is mostly useless, perhaps more useless than FS snapshots that you seem to dislike.

JMHO, YMMV. We can explore details as you wish ...

The very serious flaw(s) with a yumdb are:

	1) any value (like a nominal ~128b string containing package NEVRA) uses an
	entire (usually 4Kb) block on a FS. That is 4096 - 128 = 3968b of wasted disk space.

	2) there is no means to truncate yumdb file system usage, a yumdb is forever (well, you
	can just nuke the entire FS tree whenever you want to regain FS space for other uses)

I can/will enumerate several additional flaws if absolutely necessary. We seem to agree that
yum-history is not appropriate for PLD (and more generally, rather a waste of disk space).

> I remember you wrote about libgit a few years ago, but that might handle
> %config problems only, but not restoring packages to some previous
> (working) state.

You’ll have to remind me of what I wrote, I have written lots about RPM over the years …

>> See Poky/Yocto image construction for what RPM5 can already do when
>> used intelligently.
> I doubt embedded platform uses rpm5 to solve issues like "there is a
> problem with foo using libbar we have upgraded last week, need to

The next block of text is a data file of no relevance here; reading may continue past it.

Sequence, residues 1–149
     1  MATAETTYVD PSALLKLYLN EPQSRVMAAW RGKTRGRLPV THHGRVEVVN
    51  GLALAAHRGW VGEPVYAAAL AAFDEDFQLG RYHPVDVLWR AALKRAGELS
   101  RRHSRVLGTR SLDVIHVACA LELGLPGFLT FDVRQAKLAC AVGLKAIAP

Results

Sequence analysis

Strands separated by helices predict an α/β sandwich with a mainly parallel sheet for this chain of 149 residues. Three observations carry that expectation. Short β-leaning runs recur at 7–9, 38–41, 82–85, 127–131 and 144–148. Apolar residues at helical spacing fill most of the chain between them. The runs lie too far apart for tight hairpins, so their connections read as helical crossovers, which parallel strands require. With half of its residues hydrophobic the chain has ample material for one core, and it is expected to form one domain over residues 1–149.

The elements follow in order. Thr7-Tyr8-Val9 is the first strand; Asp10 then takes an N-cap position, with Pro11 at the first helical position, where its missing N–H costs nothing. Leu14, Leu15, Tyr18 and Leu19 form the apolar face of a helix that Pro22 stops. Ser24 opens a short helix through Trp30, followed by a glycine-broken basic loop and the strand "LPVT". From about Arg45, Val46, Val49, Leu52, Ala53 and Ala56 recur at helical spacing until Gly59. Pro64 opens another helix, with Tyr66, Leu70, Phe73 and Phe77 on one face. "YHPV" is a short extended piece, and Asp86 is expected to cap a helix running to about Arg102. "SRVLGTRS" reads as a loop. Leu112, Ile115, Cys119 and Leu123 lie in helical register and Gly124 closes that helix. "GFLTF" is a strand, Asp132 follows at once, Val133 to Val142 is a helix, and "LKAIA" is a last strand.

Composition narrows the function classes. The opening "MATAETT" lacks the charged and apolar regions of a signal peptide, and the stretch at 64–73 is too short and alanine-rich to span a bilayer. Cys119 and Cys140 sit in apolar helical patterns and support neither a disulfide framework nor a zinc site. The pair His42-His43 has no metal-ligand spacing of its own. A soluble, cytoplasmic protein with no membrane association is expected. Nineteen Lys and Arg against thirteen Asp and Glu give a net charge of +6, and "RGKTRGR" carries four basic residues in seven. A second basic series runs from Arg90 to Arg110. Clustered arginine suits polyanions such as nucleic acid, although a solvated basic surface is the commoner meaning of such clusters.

> restore previous versions and do some more tests on separate/clean
> environment". So unless you are willing to share the mysterious features
> that might be used instead repackages, I'm not going to waste my time
> digging in system build with different principles in mind and for entirely
> different purpose than PLD. That's great, if rpm5 solves their problems
> - can it solve ours? If so, just tell us how. No need for elaborates.

You need to study before responding: Poky/Yocto install images are produced
by cross-compilation on standard *x86 blade hardware, nothing whatsoever
to do with “embedded”, and (perhaps) very little to do with “repackaging”.

I mentioned P/Y largely because of what is called a “solvedb”, which is
little more than an rpmdb with a URL pointer to the original (or copy) *.rpm package,
which solves the problem of removed/erased files that repackaging will never
be able to solve correctly.

Meanwhile, <rpm-devel at rpm5.org>, not <pld-devel-en at lists.pld-linux.org>,
is the proper forum for discussion of RPM. That is all that I said.

> OK, I know one solution: fetching rpms via permanent-store proxy like
> wwwoffle and keeping those rpms forever, as there is no way to implement
> "keep THAT time since package was upgraded" policy. Repackages are
> superior in two ways:
> 1. they are timestamped on upgrade, so one could remove old ones,
> 2. they retain current configuration within.

Once you remove “old ones” (presumably ones == packages), you risk a loss of
referential integrity. We might (but unclear) even agree on this point.

I know of at least 3 linux distros (including @redhat.com) that have independently
discovered that you MUST keep a permanent record of all published packages in
order to do “upgrades” … or possibly “downgrades” … reliably.

Please don’t take my comments personally: I’ll be happy to discuss better RPM
implementations as you wish in an appropriate forum related to RPM, not PLD.

73 de Jeff